For about a month now I have been using the new System76 Darter Pro laptop. Unfortunately, my 4-year-old System76 Oryx Pro took a dive off a table and smashed its screen. My company graciously provided a replacement. I chose the Darter Pro because I wanted to get away from having a dedicated GPU. I had hardly used the GPU in my old laptop at all. I also knew I wanted to keep with a 15-inch screen as my wife’s 14-inch screen seemed too small. The Darter Pro fit into my requirements nicely and System76 was about to release the latest revision soon after I started looking.
The specs that I got on the Darter Pro were:
- 4.7 GHz i7 (12 cores/16 threads) - Upgrade from the base model
- 32 GB RAM - Upgrade from the base model
- 1 TB PCIe Gen4 Solid State Drive - Upgrade from the base model
- Also includes a second empty NVMe slot
- Intel Iris Xe Graphics
- Various ports
- USB 3 (Type A & Type C)
- Combination headphone and microphone jack
The very first thing I did when I received the laptop was to replace the default
Ubuntu install with a Kubuntu install. This was a very smooth experience because
I installed everything via Ansible. Eventually, I will write a post about my
ansible setup and publish the paybooks. However, the one glaring issue during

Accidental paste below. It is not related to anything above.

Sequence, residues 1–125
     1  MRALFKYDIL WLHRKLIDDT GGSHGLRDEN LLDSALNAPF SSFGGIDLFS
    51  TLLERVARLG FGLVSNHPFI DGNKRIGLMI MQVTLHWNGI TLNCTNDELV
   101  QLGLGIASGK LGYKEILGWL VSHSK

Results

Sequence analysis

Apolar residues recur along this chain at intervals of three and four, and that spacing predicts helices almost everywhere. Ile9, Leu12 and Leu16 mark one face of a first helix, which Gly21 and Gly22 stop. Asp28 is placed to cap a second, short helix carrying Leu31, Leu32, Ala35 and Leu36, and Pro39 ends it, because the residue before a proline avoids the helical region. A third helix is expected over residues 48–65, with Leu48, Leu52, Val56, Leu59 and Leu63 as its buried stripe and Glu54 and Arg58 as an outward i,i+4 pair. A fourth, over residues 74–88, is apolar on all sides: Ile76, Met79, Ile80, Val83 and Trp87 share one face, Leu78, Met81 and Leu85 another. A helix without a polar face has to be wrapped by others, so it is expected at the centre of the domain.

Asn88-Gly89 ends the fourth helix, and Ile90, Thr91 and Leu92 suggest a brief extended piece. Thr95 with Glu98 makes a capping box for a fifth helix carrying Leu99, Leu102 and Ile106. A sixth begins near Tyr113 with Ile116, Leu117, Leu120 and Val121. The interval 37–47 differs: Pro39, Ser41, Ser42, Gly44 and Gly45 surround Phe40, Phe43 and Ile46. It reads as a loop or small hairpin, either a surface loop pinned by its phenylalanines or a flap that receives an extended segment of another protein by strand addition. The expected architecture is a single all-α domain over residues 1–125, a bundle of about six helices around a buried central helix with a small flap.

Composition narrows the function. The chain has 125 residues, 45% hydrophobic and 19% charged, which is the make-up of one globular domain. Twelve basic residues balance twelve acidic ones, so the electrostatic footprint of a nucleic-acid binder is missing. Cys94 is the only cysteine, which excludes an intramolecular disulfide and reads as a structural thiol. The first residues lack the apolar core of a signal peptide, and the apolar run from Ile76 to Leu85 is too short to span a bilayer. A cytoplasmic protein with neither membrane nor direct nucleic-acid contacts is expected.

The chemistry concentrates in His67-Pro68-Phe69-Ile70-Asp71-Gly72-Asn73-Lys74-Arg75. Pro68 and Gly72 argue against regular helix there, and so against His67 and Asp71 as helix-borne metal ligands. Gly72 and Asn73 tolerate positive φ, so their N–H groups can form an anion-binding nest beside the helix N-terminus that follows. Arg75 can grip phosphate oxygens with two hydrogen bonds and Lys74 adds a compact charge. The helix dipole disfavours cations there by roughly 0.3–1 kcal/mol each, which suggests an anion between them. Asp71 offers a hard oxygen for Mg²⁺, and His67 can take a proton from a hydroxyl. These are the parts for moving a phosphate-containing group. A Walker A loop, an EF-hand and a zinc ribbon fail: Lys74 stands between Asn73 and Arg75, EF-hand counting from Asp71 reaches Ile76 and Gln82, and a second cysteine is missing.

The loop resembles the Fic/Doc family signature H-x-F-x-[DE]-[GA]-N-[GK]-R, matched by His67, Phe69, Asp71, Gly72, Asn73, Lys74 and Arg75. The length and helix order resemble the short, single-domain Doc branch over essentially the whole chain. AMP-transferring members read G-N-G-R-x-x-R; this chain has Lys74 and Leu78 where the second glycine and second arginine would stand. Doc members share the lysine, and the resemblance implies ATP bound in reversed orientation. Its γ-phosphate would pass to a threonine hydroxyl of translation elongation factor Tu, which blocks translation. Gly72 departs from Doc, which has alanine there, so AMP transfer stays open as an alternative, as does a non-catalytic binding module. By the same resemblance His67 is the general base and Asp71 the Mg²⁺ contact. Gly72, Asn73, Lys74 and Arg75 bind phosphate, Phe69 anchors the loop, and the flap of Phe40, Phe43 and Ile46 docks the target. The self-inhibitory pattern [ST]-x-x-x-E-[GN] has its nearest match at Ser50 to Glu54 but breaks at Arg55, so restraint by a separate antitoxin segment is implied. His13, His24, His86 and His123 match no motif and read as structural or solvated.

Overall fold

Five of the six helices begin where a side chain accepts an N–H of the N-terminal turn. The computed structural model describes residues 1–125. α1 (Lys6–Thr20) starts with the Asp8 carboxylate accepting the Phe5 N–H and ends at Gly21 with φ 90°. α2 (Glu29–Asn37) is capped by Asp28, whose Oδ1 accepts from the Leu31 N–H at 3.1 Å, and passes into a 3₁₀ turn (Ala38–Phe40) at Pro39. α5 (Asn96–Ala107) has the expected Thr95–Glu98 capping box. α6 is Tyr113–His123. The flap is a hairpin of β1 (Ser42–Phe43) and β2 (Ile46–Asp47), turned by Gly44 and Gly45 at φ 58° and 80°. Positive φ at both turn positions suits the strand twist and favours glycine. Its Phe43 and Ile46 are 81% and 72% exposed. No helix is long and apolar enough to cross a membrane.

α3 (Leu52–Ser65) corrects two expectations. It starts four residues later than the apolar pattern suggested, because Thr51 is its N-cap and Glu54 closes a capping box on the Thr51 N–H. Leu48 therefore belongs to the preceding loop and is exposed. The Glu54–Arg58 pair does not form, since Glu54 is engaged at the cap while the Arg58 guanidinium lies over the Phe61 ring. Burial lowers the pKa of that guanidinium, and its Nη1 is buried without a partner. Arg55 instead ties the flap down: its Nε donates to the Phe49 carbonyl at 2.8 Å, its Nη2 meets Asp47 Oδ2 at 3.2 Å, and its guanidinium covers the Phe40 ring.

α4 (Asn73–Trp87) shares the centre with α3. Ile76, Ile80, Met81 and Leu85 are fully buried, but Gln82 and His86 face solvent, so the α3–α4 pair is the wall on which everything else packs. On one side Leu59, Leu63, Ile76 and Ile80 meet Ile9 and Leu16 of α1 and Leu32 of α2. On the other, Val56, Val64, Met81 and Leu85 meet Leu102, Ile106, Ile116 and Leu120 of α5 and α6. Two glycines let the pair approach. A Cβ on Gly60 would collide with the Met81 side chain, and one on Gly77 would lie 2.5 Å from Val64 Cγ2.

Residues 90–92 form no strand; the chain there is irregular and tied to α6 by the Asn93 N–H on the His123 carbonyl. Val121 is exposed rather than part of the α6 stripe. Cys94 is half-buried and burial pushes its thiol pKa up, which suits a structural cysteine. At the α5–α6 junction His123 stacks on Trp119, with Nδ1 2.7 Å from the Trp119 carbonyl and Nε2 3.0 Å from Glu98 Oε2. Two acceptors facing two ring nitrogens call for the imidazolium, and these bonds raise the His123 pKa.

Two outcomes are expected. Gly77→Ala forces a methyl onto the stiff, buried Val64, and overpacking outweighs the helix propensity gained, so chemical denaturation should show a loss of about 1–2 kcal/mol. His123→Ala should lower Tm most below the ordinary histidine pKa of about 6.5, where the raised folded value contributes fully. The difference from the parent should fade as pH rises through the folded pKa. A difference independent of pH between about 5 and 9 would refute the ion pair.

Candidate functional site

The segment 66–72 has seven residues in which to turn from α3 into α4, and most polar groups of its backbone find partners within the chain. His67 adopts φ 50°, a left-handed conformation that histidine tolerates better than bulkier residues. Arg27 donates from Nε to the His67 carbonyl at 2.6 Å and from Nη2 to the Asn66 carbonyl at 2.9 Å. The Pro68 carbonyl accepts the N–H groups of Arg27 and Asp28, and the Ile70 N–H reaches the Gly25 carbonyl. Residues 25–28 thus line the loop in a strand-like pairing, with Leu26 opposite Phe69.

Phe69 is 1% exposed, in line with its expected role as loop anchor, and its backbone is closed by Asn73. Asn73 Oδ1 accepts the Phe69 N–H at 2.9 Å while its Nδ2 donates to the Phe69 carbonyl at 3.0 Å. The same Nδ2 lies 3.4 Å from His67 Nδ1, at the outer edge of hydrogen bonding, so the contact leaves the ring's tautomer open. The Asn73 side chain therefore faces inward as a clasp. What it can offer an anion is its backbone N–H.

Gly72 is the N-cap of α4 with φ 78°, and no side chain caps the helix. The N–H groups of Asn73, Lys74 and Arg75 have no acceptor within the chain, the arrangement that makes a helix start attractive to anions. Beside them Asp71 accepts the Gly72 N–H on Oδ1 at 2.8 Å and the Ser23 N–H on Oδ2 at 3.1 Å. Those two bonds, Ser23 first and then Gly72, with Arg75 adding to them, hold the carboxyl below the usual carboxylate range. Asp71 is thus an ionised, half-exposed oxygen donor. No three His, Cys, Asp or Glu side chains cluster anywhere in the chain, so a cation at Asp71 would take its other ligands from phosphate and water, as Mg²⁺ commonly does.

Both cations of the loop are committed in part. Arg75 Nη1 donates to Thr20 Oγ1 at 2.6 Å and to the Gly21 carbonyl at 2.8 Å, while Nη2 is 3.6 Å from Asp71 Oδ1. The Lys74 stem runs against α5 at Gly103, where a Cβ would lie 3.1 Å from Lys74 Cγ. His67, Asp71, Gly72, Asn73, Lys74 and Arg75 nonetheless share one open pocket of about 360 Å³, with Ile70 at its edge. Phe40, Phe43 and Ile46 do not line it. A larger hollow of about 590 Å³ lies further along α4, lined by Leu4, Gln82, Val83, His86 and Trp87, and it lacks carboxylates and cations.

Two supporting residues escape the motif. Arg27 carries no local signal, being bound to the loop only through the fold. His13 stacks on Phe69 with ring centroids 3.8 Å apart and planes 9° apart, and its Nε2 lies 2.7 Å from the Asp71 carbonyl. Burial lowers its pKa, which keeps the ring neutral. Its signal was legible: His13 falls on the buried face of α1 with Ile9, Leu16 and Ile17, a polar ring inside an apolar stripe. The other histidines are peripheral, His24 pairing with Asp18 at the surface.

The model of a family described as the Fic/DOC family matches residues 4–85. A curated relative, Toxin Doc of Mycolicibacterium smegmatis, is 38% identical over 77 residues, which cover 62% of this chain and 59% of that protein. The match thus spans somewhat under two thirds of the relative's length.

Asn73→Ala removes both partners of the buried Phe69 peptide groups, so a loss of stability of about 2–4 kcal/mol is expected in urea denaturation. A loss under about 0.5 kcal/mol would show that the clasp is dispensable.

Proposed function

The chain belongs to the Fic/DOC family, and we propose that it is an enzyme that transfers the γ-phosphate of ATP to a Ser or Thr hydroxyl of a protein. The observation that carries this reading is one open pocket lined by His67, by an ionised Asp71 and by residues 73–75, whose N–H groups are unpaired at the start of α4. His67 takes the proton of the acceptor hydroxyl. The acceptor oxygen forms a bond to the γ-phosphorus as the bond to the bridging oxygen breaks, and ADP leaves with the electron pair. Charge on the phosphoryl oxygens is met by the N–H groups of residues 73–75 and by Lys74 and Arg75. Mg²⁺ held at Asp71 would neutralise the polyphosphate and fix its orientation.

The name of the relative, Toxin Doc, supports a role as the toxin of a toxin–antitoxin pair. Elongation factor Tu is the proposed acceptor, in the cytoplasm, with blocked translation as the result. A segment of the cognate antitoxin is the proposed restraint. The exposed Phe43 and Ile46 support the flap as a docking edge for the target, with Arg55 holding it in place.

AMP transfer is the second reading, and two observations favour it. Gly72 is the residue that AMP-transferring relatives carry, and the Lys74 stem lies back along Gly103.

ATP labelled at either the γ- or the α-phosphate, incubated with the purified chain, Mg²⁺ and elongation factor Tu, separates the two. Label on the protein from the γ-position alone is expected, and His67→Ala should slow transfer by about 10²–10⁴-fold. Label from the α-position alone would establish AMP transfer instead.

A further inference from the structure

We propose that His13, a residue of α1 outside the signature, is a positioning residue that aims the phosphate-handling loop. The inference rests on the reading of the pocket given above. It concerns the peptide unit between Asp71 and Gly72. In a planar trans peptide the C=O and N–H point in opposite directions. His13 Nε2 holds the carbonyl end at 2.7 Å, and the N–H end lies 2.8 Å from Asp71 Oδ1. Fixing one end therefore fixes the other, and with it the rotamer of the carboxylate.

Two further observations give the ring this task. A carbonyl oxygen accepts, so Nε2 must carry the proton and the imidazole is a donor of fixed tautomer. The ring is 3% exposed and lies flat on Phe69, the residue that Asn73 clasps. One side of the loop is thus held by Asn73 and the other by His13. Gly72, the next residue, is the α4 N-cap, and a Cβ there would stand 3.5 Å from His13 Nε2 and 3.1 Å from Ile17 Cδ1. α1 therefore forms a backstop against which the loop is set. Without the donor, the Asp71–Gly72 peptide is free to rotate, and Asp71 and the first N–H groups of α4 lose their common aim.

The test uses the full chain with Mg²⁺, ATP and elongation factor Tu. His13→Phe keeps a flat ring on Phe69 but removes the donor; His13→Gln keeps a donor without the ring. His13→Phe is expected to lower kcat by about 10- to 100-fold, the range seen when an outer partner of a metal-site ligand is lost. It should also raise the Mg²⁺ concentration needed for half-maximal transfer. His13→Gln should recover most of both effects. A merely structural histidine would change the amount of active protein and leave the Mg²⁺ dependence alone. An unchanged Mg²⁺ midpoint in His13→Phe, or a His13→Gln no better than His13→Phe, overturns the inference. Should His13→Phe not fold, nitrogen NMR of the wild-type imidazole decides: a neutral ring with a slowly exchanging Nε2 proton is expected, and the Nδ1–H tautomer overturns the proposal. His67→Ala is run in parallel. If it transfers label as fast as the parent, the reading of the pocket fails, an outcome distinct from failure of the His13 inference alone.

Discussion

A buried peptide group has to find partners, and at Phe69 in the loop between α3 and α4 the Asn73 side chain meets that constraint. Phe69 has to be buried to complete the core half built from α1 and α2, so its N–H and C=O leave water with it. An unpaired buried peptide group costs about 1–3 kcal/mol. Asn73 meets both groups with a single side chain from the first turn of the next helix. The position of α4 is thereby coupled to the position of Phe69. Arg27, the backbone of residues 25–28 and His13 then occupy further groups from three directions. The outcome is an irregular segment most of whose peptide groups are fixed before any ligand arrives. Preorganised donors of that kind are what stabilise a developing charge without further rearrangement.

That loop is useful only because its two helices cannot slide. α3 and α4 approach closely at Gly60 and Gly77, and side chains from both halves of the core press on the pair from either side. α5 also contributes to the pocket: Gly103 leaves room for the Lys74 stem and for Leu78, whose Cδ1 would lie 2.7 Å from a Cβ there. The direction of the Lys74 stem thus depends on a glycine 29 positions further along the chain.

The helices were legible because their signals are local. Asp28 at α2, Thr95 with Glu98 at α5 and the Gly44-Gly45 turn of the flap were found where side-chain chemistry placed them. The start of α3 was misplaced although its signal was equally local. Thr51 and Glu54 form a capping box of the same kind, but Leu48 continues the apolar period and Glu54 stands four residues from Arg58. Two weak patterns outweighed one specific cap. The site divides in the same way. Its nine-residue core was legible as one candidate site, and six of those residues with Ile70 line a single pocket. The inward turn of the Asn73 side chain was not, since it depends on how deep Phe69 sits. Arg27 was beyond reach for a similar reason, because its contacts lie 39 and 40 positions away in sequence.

the setup process was that the touchpad was disabled. This made it very difficult
to complete the OS installation process. I only used the keyboard and sometimes the
order of the tabbing was unexpected. The partitioning was particularly difficult
to do with only a keyboard. To get the touchpad to work at all I needed to install
system76-driver package from the System76 PPA.
This got the touchpad working, but I also needed to install the
package to get the “tap to click” feature working.
In addition to the touchpad not working out of the box on a new install. It took some getting use to. The touchpad does not have any physical buttons and has been an adjustment for me. I find that I use to have a tendency to rest my finger on the left button. However, without a physical button to put my finger on, I end up triggering two-finger scrolling. A few other negatives are that it can get quite hot on the bottom when I’m working. This can be annoying when it is on my lap (it is a laptop!). That usually only happens when I am pushing the CPU during development work. Compiling Typescript code or running a Jest test suite can cause the fan to ramp up to irritating levels. However, I have gotten decent battery life, especially compared to my last laptop where 3 hours was a good day. System76 claims 9 hours of battery life, but I generally need to plug in once during the workday.
Despite the couple issues that I described above, I have really been enjoying using the Darter Pro. It has the power I need for programming and runs Linux like a pro. I have yet to be disappointed with System76’s offerings and I hope to continue to do business with them in the future.